McCoullugh #248049 v. McQuiggin et al

Filing 66

REPORT AND RECOMMENDATION that defendants' motion for summary judgment 35 be granted, plaintiff's motion to produce documents 63 be denied, and this case be dismissed in its entirety; objections to R&R due within 10 days; signed by Magistrate Judge Timothy P. Greeley (Magistrate Judge Timothy P. Greeley, cpl)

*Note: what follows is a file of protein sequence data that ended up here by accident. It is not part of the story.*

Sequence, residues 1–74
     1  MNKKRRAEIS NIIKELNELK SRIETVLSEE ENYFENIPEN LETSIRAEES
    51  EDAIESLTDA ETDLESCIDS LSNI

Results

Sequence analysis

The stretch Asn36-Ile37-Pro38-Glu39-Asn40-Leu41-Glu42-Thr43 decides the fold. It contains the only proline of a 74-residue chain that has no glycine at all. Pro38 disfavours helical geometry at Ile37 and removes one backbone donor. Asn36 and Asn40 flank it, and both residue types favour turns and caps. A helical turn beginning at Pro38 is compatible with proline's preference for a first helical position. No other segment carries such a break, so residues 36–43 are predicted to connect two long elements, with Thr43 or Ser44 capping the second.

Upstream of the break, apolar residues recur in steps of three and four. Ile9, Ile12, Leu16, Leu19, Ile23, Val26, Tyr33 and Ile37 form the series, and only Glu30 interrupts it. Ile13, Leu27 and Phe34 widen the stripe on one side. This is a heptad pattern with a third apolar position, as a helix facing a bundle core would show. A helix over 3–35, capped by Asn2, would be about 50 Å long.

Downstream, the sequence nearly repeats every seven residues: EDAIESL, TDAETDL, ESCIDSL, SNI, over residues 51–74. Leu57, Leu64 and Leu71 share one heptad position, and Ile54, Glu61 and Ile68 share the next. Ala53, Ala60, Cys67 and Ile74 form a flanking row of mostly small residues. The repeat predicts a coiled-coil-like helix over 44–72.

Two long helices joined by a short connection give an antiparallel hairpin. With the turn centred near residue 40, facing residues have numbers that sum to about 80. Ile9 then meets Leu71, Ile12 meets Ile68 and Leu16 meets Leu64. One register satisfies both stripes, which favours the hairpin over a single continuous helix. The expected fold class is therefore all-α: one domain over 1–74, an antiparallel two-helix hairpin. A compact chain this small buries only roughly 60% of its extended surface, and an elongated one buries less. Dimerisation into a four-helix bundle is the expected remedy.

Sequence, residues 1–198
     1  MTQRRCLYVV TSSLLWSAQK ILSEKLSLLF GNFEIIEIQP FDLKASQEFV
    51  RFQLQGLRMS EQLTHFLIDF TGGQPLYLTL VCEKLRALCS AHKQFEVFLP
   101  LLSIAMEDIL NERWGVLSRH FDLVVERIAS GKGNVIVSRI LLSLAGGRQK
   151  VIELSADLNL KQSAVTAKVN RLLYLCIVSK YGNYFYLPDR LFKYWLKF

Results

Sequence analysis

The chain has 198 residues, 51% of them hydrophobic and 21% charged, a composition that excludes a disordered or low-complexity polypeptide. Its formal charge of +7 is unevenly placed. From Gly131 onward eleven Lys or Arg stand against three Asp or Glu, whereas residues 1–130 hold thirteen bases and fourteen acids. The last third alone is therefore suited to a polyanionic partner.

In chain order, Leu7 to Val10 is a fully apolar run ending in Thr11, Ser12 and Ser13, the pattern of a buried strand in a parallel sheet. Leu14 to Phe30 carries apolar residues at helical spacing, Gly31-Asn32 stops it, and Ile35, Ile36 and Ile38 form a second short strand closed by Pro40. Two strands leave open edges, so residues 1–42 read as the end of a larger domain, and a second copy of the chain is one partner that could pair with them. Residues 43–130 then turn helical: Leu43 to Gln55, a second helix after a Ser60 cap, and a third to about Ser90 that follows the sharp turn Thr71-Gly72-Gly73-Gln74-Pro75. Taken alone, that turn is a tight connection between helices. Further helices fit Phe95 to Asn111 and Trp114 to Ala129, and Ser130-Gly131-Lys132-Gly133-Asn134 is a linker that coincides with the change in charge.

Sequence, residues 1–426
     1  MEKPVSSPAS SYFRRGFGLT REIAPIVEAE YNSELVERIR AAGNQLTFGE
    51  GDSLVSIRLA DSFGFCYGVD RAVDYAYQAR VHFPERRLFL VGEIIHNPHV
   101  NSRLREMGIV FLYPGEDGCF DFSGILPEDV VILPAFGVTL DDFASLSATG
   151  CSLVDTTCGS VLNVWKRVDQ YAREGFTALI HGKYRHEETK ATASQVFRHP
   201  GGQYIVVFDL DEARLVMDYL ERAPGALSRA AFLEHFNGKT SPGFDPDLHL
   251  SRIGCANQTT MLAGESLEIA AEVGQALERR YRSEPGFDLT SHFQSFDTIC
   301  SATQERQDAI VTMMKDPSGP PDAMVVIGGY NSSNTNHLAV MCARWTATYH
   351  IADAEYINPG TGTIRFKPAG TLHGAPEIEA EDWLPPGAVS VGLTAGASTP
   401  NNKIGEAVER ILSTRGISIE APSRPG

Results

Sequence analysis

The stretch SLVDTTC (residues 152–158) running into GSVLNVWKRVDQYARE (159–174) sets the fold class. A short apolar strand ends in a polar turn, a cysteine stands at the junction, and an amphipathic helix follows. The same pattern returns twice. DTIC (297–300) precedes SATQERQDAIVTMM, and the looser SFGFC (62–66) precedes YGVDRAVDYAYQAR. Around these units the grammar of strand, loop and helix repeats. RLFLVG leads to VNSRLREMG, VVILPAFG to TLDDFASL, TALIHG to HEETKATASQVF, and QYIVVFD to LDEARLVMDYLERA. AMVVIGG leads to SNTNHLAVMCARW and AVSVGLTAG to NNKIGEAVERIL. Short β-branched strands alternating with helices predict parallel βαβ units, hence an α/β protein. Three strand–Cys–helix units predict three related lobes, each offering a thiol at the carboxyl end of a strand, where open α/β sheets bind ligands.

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UNITED STATES DISTRICT COURT FOR THE WESTERN DISTRICT OF MICHIGAN NORTHERN DIVISION DESHAUN MCCOULLUGH, Plaintiff, v. GREG MCQUIGGIN, et al., Defendants. __________________________________/ Case No. 2:08-cv-70 HON. R. ALLAN EDGAR REPORT AND RECOMMENDATION Plaintiff Deshaun McCoullugh filed this civil rights action pursuant to 42 U.S.C. 1983 against Defendants Warden Greg McQuiggin, Deputy Warden Linda Tribley, Acting Assistant Deputy Warden Terry Smith, Resident Unit Manager K. Meni, Assistant Resident Unit Supervisor Tommy Gajewski, Corrections Officer Unknown Jacobson, and MDOC Director Patricia Caruso. Plaintiff's complaint alleges that on June 26, 2007, Plaintiff was released from administrative segregation and placed in Transition Unit 5 at the Baraga Maximum Correctional Facility. Plaintiff sent Defendant Gajewski a kite informing her that he had a medical special accommodation to be placed in a tobacco free housing unit due to his asthma. In July or August of 2007, Plaintiff received a false misconduct for smoking from Officer Meyers. Plaintiff claims that this was in retaliation for complaining about the environmental tobacco smoke (ETS). Plaintiff subsequently received another retaliatory false misconduct from Officer Isaacson for smoking. Plaintiff wrote a letter of complaint to Defendant McQuiggin, informing him of the retaliatory conduct of corrections officers. On October 5, 2007, Plaintiff was moved to a tobacco free unit. Later in October, Plaintiff received another false misconduct for smoking from Officer Turner. On October 30, 2007, Plaintiff sent a kite to Defendants Healy and McQuiggin, requesting placement in Tobacco Free Housing, citing his special medical accommodation. On November 1, 2007, Defendant Healy responded by stating that Plaintiff was already in a nonsmoking unit. Plaintiff explained that because prisoners could possess tobacco, they sometimes smoked in the cells, despite the fact that it was a rule violation. Plaintiff's request to be moved was denied. On November 2, 2007, Plaintiff filed a grievance. On November 9, 2007, Defendant Tribley interviewed Plaintiff and responded that Plaintiff had been offered the chance to go to Unit 5, where he would not have to walk past smokers to go to chow, but Plaintiff refused. Plaintiff contends that placement in Unit 5 would not eliminate the ETS exposure. Plaintiff states that he "backed off the grievance" because Defendants Healy and Tribley assured him that he would be transferred to a facility with a tobacco free housing unit. On November 15, 2007, Plaintiff was sent to health services for difficulty breathing. On December 2, 2007, Plaintiff sent a transfer request to Defendant Tribley. On December 3, 2007, Plaintiff filed a grievance on Defendants Tribley, McQuiggin and Healy for violating Plaintiff's Eighth Amendment rights. On December 5, 2007, Plaintiff was sent to Unit 5. On December 11, 2007, Plaintiff was interviewed by Defendant Meni, who referred to Plaintiff's three misconducts for smoking and indicated that Plaintiff must refrain from smoking if he wished to remain in a smoke-free unit. On December 30, 2007, Plaintiff received a minor misconduct from Defendant Jacobson for allegedly passing two cigarettes. Defendant Jacobson told Plaintiff that he had better not write any more grievances, or he would make sure that Plaintiff lost his lawsuit. On January 17, 2008, Plaintiff was asked by Gajewski to sign a request for tobacco free housing and his cell was -2- then designated as tobacco free. Plaintiff complained that this designation would not stop him from being exposed to ETS because he was still in the vicinity of smokers. Plaintiff claims that his continued kites, grievances and complaints were ignored. Plaintiff states that Defendants violated his First and Eighth Amendment rights. Plaintiff is seeking compensatory and punitive damages, as well as declaratory and injunctive relief. Presently before the Court is the Defendants' Motion to Dismiss, pursuant to Fed. R. Civ. P. 12(b)(6), and/or Motion for Summary Judgment, pursuant to Fed. R. Civ. P. 56. Plaintiff has filed a response and the matter is ready for decision. Because both sides have asked that the Court consider evidentiary materials beyond the pleadings, the standards applicable to summary judgment apply. See Fed. R. Civ. P. 12(b). Summary judgment is appropriate only if the moving party establishes that there is no genuine issue of material fact for trial and that he is entitled to judgment as a matter of law. Fed. R. Civ. P. 56(c); Celotex Corp. v. Catrett, 477 U.S. 317, 322-323 (1986). If the movant carries the burden of showing there is an absence of evidence to support a claim or defense, then the party opposing the motion must demonstrate by affidavits, depositions, answers to interrogatories, and admissions on file, that there is a genuine issue of material fact for trial. Id. at 324-25. The nonmoving party cannot rest on its pleadings but must present "specific facts showing that there is a genuine issue for trial." Id. at 324 (quoting Fed. R. Civ. P. 56(e)). The evidence must be viewed in the light most favorable to the nonmoving party. Anderson v. Liberty Lobby, Inc., 477 U.S. 242, 251-52 (1986). Thus, any direct evidence offered by the plaintiff in response to a summary judgment motion must be accepted as true. Muhammad v. Close, 379 F.3d 413, 416 (6th Cir. 2004) (citing Adams v. Metiva, 31 F.3d 375, 382 (6th Cir. 1994)). However, a mere scintilla of evidence in support of the nonmovant's position will be insufficient. Anderson, 477 U.S. at 251-52. Ultimately, -3- the court must determine whether there is sufficient "evidence on which the jury could reasonably find for the plaintiff." Id. at 252. See also Leahy v. Trans Jones, Inc., 996 F.2d 136, 139 (6th Cir. 1993) (single affidavit, in presence of other evidence to the contrary, failed to present genuine issue of fact); cf. Moore, Owen, Thomas & Co. v. Coffey, 992 F.2d 1439, 1448 (6th Cir. 1993) (single affidavit concerning state of mind created factual issue). Defendants state that Plaintiff failed to exhaust his administrative remedies with regard to his ETS claims against Defendants Caruso, Meni, Tribley and Gajewski, and his retaliation claims against Defendant Jacobson. A prisoner's failure to exhaust his administrative remedies is an affirmative defense, which Defendants have the burden to plead and prove. Jones v. Bock, 127 S. Ct. 910, 919-21 (2007). Pursuant to the applicable portion of the Prison Litigation Reform Act (PRLA), 42 U.S.C. 1997e(a), a prisoner bringing an action with respect to prison conditions under 42 U.S.C. 1983 must exhaust his available administrative remedies. See Porter v. Nussle, 534 U.S. 516, 532 (2002); Booth v. Churner, 532 U.S. 731, 733 (2001). A prisoner must first exhaust available administrative remedies, even if the prisoner may not be able to obtain the specific type of relief he seeks in the state administrative process. See Porter, 534 U.S. at 520; Booth, 532 U.S. at 741; Knuckles El v. Toombs, 215 F.3d 640, 642 (6th Cir. 2000); Freeman v. Francis, 196 F.3d 641, 643 (6th Cir. 1999). In order to properly exhaust administrative remedies, prisoners must complete the administrative review process in accordance with the deadlines and other applicable procedural rules. Jones v. Bock, 127 S. Ct. 910, 922-23 (2007); Woodford v. Ngo, 126 S. Ct. 2378, 2386 (2006). "Compliance with prison grievance procedures, therefore, is all that is required by the PLRA to `properly exhaust.'" Jones, 127 S. Ct. at 922-23. -4- MDOC Policy Directive 03.02.130 (effective Dec. 19, 2003)1, sets forth the applicable grievance procedures for prisoners in MDOC custody at the time relevant to this complaint. Inmates must first attempt to resolve a problem orally within two business days of becoming aware of the grievable issue, unless prevented by circumstances beyond his or her control Id. at R. If oral resolution is unsuccessful, the inmate may proceed to Step I of the grievance process and submit a completed grievance form within five business days of the attempted oral resolution. Id. at R, X. The Policy Directive also provides the following directions for completing grievance forms: "The issues shall be stated briefly. Information provided shall be limited to the facts involving the issue being grieved (i.e., who, what, when, where, why, how). Dates, times, places and names of all those involved in the issue being grieved are to be included." Id. at T (emphasis in original). The inmate submits the grievance to a designated grievance coordinator, who assigns it to a respondent. Id. at Y. If the inmate is dissatisfied with the Step I response, or does not receive a timely response, he may appeal to Step II by obtaining an appeal form within five business days of the response, or if no response was received, within five days after the response was due. Id. at R, DD. The respondent at Step II is designated by the policy, e.g., the regional health administrator for a medical care grievances. Id. at FF. If the inmate is still dissatisfied with the Step II response, or does not receive a timely Step II response, he may appeal to Step III using the same appeal form. Id. at R, HH. The Step III form shall be sent within ten business days after receiving the Step II response, or if no Step II response was received, within ten business days after the date the Step II response was due. Id. at HH. The Prisoner Affairs Section is the respondent for Step III grievances The MDOC amended Policy Directive 03.02.130 on July 9, 2007. However, the 2003 version of the policy directive was in effect at all times applicable to this lawsuit. -5- 1 on behalf of the MDOC director. Id. at II. Time limitations shall be adhered to by the inmate and staff at all steps of the grievance process. Id. at U. "The total grievance process from the point of filing a Step I grievance to providing a Step III response shall be completed within 90 calendar days unless an extension has been approved . . . ." Id. In addition, the grievance policy provides that, where the grievance alleges staff brutality or corruption, the grievance may be submitted directly to Step III. Id. at S. In such instances, the grievance must be filed within the time limits prescribed for filing grievances at Step I. Id. Defendants offer the affidavit of Jim Armstrong, in which he attests that Plaintiff filed three step III grievances in 2007, only one of which addresses the alleged denial of tobacco free housing. This grievance named Defendant McQuiggin. Defendants also offer a copy of the grievance, No. AMF-07-12-0432603D. A review of this grievance reveals that Plaintiff names Defendants McQuiggin, Healy and Tribley. (Defendants' Exhibit I.) Therefore, it appears that Plaintiff exhausted his administrative remedies on his ETS claims with regard to Defendants McQuiggin, Healy and Tribley. However, Plaintiff has failed to exhaust his remedies on his ETS claim with regard to Defendants Caruso, Meni and Gajewski. Nor has Plaintiff exhausted his administrative remedies with regard to his retaliation claims. Therefore, Defendants are entitled to summary judgment on these claims. Defendants also state that Plaintiff has failed to show that they were deliberately indifferent to a serious medical need. When prison officials ignore a prisoner's serious medical condition such as allergy or asthma relating to second-hand smoke and do not make a good-faith effort to enforce non-smoking policies or to segregate a prisoner from exposure to smoke, a prisoner may state an Eighth Amendment claim based upon exposure to environmental tobacco smoke. See -6- Talal v. White, 403 F.3d 423, 426 (6th Cir. 2005)(citing Hunt v. Reynolds, 974 F.2d 734, 726 (6th Cir. 1992)). The Eighth Amendment prohibits the infliction of cruel and unusual punishment against those convicted of crimes. U.S. Const. amend. VIII. The Eighth Amendment also obligates prison authorities to provide medical care to incarcerated individuals, as a failure to provide such care would be inconsistent with contemporary standards of decency. Estelle v. Gamble, 429 U.S. 97, 103-04 (1976). A prison official violates the Eighth Amendment when he or she is deliberately indifferent to the serious medical needs of a prisoner. Id. at 104-05; Comstock v. McCrary, 273 F.3d 693, 702 (6th Cir. 2001). Helling v. McKinney, 509 U.S. 25 (1993), is the seminal Supreme Court case in this area. In Helling, a prisoner initiated a 1983 action against prison officials claiming that his involuntary exposure to ETS from a cellmate2 posed an unreasonable risk of serious damage to his future health in violation of the Eighth Amendment. Helling, 509 U.S. at 35. The Supreme Court affirmed the decision of the Court of Appeals to remand the case to the district court to allow the prisoner an opportunity to prove his case, which also required the prisoner to prove both the subjective and objective elements necessary for an Eighth Amendment violation. Id. Relevant to the objective element is whether the prisoner endured unreasonably high exposure to ETS that society would consider violative of contemporary standards of decency. Id. at 35-36. Relevant to the subjective element is whether prison officials had exhibited deliberate indifference with regard to the dangers of a prisoner's exposure to ETS. Id. at 36. 2 The cellmate in Helling smoked five packs of cigarettes a day. Helling, 509 U.S. at 35. -7- Plaintiff claims that Defendants disregarded his need for tobacco free housing. Plaintiff attaches to his complaint a copy of his medical special accommodation for tobacco free housing dated November 15, 2007. Plaintiff also asserts that exposure to second hand smoke has caused permanent damage to his lungs. However, as noted by Defendants, Plaintiff has failed to provide any medical evidence supporting his claim that he suffered damage to his lungs. In support of their motion for summary judgment, Defendants offer copies of four minor misconduct violation and hearing reports, showing that Plaintiff was caught smoking and / or possessing tobacco on four separate occasions. These reports indicate that Plaintiff received hearings on each misconduct and was found guilty by hearing officers who are not parties in this case. The misconduct tickets were written by various staff members, three of which are not defendants in this action. (Defendants' Exhibit B.) As noted by Defendants, this evidence indicates that Plaintiff's exposure to tobacco smoke was in part due to his own actions. Defendants also offer the affidavit of Defendant Gajewski. Defendant Gajewski attests that Plaintiff kited for tobacco free housing in June of 2007, and that she reviewed Plaintiff's file to see if he had a medical accommodation. Because she did not find one, she contacted Health Care requesting the annual renewal of Plaintiff's special accommodation. Plaintiff received a copy of this renewal on November 15, 2007. Plaintiff did not sign the tobacco free housing form until January 7, 2008, by which time he had received several misconducts for smoking. Plaintiff did not need to be moved after signing the form because his cell was already designated as tobacco free. (Defendants' Exhibit D.) In addition, Defendant Tribley attests that on November 9, 2007, Plaintiff told her that he did not smoke and needed tobacco free housing. Defendant Tribley states that she offered Plaintiff the opportunity to move to Unit 5 so he would not have to walk past smokers on the way -8- to chow hall, but Plaintiff stated that he preferred to remain in Unit 6. Defendant Tribley also told Plaintiff that all prisoners are prohibited from smoking inside the housing units and are subject to misconducts for violating the rules. On December 5, 2007, Defendant Tribley received a kite from Plaintiff regarding difficulties with his asthma. Defendant Tribley immediately had Plaintiff moved to Unit 5. (Defendants' Exhibit E.) In his response to the motion for summary judgment, Plaintiff merely reasserts the allegations set forth in his complaint and contends that Defendants were aware of his medical issues and did not take proper action. However, after reviewing the record, the undersigned concludes that Plaintiff was responsible for much of his exposure to tobacco smoke, as he was caught smoking on multiple occasions. In addition, the record shows that Defendants took appropriate action to address Plaintiff's complaints about ETS. Therefore, the undersigned recommends that Defendants be granted summary judgment on Plaintiff's ETS claims. As noted above, Plaintiff failed to exhaust his administrative remedies with regard to his retaliation claim against Defendant Jacobson. However, Defendants state that even if he had, Defendant Jacobson is entitled to summary judgment on the merits of this claim. Retaliation based upon a prisoner's exercise of his or her constitutional rights violates the Constitution. See Thaddeus-X v. Blatter, 175 F.3d 378, 394 (6th Cir.1999) (en banc). In order to set forth a First Amendment retaliation claim, a plaintiff must establish that: (1) he was engaged in protected conduct; (2) an adverse action was taken against him that would deter a person of ordinary firmness from engaging in that conduct; and (3) the adverse action was motivated, at least in part, by the protected conduct. Thaddeus-X, 175 F.3d at 394. Moreover, Plaintiff must be able to prove that the exercise of the protected right was a substantial or motivating factor in the defendant's alleged -9- retaliatory conduct. See Smith v. Campbell, 250 F.3d 1032, 1037 (6th Cir. 2001) (citing Mount Healthy City Sch. Dist. Bd. of Educ. v. Doyle, 429 U.S. 274, 287 (1977)). Plaintiff claims that at the time Defendant Jacobson issued the minor misconduct ticket for passing two cigarettes, he told Plaintiff that he had better not write any more grievances, or he would make sure that Plaintiff lost his lawsuit. However, the conduct which Plaintiff was engaged in when he received the ticket was passing cigarettes, which is not protected conduct. As noted above, Plaintiff was found guilty of this behavior following a hearing. However, even assuming that Plaintiff only received the ticket because he had previously filed grievances, Defendant Jacobson had no ability to "make sure" Plaintiff lost his lawsuit. Certain threats or deprivations are so de minimis that they do not rise to the level of being constitutional violations. See, e.g., Thaddeus-X, 175 F.3d at 396, 398; Smith v. Yarrow, No. 01-4033, 2001 WL 22400730, at *11 (6th Cir. Oct. 20, 2003). In the opinion of the undersigned, such an idle threat would not deter a person of ordinary firmness from engaging in protected conduct. Therefore, Defendant Jacobson is entitled to summary judgment on Plaintiff's retaliation claim. Defendants Caruso, McQuiggin, Smith, and Meni assert that they were not personally involved in the alleged misconduct in this case. Liability under Section 1983 must be based on more than merely the right to control employees. Polk Co. v. Dodson, 454 U.S. 312, 325-26 (1981); Monell v. New York City Department of Social Services, 436 U.S. 658 (1978). Thus, Section 1983 liability cannot be premised upon mere allegations of respondeat superior. Monell, 436 U.S. at 691; Polk, 454 U.S. at 325. A party cannot be held liable under Section 1983 absent a showing that the party personally participated in, or otherwise authorized, approved or knowingly acquiesced in, the allegedly unconstitutional conduct. See e.g. Leach v. Shelby Co. Sheriff, 891 F.2d 1241, 1246 (6th Cir. 1989), cert. denied, 495 U.S. 932 (1990); Hays v. Jefferson, 668 F.2d 869, 874 (6th Cir.), cert. - 10 - denied, 459 U.S. 833 (1982). See also Bellamy v. Bradley, 729 F.2d 416, 421 (6th Cir.), cert. denied 469 U.S. 845 (1984). Supervisory officials can be held liable for the acts of their subordinates only if plaintiff establishes that the supervisor failed to appropriately discharge his supervisory duties, and that this failure resulted in a denial or deprivation of plaintiff's federal rights. See e.g. Leach, 891 F.2d at 1246; Hayes v. Vessey, 777 F.2d 1149, 1154 (6th Cir. 1985). However, the failure of a supervisor to supervise, control or train the offending employee is not actionable absent a showing that the official implicitly encouraged, authorized, approved or knowingly acquiesced in, or in some other way directly participated in, the offensive conduct. Leach, 891 F.2d at 1246. Such a claim requires, at a minimum, that the official had knowledge of the offending employee's conduct at a time when the conduct could be prevented, or that such conduct was otherwise foreseeable or predictable. See e.g. Gibson v. Foltz, 963 F.2d 851, 854 (6th Cir. 1992). In addition, plaintiff must show that defendant had some duty or authority to act. See e.g. Birrell v. Brown, 867 F.2d 956, 959 (6th Cir. 1989) (lower level official not liable for shortcomings of building); Ghandi v. Police Dept. of City of Detroit, 747 F.2d 338, 351 (6th Cir. 1984) (mere presence at the scene is insufficient grounds to impose Section 1983 liability in the absence of a duty to act); accord Hall v. Shipley, 932 F.2d 1147 (6th Cir. 1991). In addition, merely bringing a problem to the attention of a supervisory official is not sufficient to impose such liability. See Shelly v. Johnson, 684 F. Supp. 941, 946 (W.D. Mich. 1987) (Hillman, C.J.), aff'd 849 F.2d 228 (6th Cir. 1988). Finally, supervisory liability claims cannot be based on simple negligence. Leach, 891 F.2d at 1246; Weaver v. Toombs, 756 F. Supp. 335, 337 (W.D. Mich. 1989), aff'd 915 F.2d 1574 (6th Cir. 1990). Plaintiff has not alleged facts establishing that Defendants Caruso, McQuiggin, Smith, and Meni were personally involved in the activity which forms the basis of his claim. The only roles - 11 - that Defendants Caruso, McQuiggin, Smith, and Meni had in this action involve the denial of administrative grievances or the failure to act. Defendants Caruso, McQuiggin, Smith, and Meni cannot be liable for such conduct under 1983. Shehee v. Luttrell, 199 F.3d 295, 300 (6th Cir. 1999), cert. denied, 530 U.S. 1264, 120 S. Ct. 2724 (2000). Accordingly, the Court concludes that Defendants Caruso, McQuiggin, Smith, and Meni are entitled to summary judgment for lack of personal involvement. Defendants alternatively move for qualified immunity. Government officials, performing discretionary functions, generally are shielded from liability for civil damages insofar as their conduct does not violate clearly established statutory or constitutional rights of which a reasonable person would have known. Dietrich v. Burrows, 167 F.3d 1007, 1012 (6th Cir. 1999); Turner v. Scott, 119 F.3d 425, 429 (6th Cir. 1997); Noble v. Schmitt, 87 F.3d 157, 160 (6th Cir. 1996); Harlow v. Fitzgerald, 457 U.S. 800, 818 (1982). An "objective reasonableness" test is used to determine whether the official could reasonably have believed his conduct was lawful. Dietrich, 167 F.3d at 1012; Anderson v. Creighton, 483 U.S. 635, 641 (1987). "Qualified immunity balances two important interests-the need to hold public officials accountable when they exercise power irresponsibly and the need to shield officials from harassment, distraction, and liability when they perform their duties reasonably." Pearson v. Callahan, 129 S. Ct. 808, 815 (2009). In making a qualified immunity determination the court must decide whether the facts as alleged or shown make out a constitutional violation or whether the right that was allegedly violated was a clearly established right at the time of the alleged misconduct. Id. at 816. If the court can conclude that either no constitutional violation occurred or that the right was not clearly established, qualified immunity is warranted. The court may consider either approach without regard - 12 - to sequence. Id. As previously discussed, because plaintiff cannot establish that his constitutional rights were violated, defendants are entitled to qualified immunity. In summary, in the opinion of the undersigned, Plaintiff has failed to sustain his burden of proof in response to Defendants' Motion for Summary Judgment. Accordingly, it is recommended that Defendants' Motion for Summary Judgment (Docket #35) be granted and this case be dismissed in its entirety. Specifically, the undersigned recommends that Defendants McQuiggin, Tribley and Smith be dismissed with prejudice and Defendants Caruso, Meni, Gajewski and Jacobson be dismissed without prejudice for failure to exhaust administrative remedies. In light of this recommendation, the undersigned also recommends that Plaintiff's motion to produce documents (Docket #63) be denied as moot. Should the court adopt the report and recommendation in this case, the court must next decide whether an appeal of this action would be in good faith within the meaning of 28 U.S.C. 1915(a)(3). See McGore v. Wrigglesworth, 114 F.3d 601, 611 (6th Cir. 1997). For the same reasons that the undersigned recommends granting Defendants' motion for summary judgment, the undersigned discerns no good-faith basis for an appeal. Should the court adopt the report and recommendation and should Plaintiff appeal this decision, the court will assess the $455 appellate filing fee pursuant to 1915(b)(1), see McGore, 114 F.3d at 610-11, unless Plaintiff is barred from proceeding in forma pauperis, e.g., by the "three-strikes" rule of 1915(g). If he is barred, he will be required to pay the $455 appellate filing fee in one lump sum. NOTICE TO PARTIES: Objections to this Report and Recommendation must be served on opposing parties and filed with the Clerk of the Court within ten (10) days of receipt of this Report and Recommendation. 28 U.S.C. 636(b)(1)(C); Fed. R. Civ. P. 72(b); W.D. Mich. LCivR 72.3(b). Failure to file timely objections constitutes a waiver of any further right to appeal. - 13 - United States v. Walters, 638 F.2d 947 (6th Cir. 1981). See also Thomas v. Arn, 474 U.S. 140 (1985). /s/ Timothy P. Greeley TIMOTHY P. GREELEY UNITED STATES MAGISTRATE JUDGE Dated: August 20, 2009 - 14 -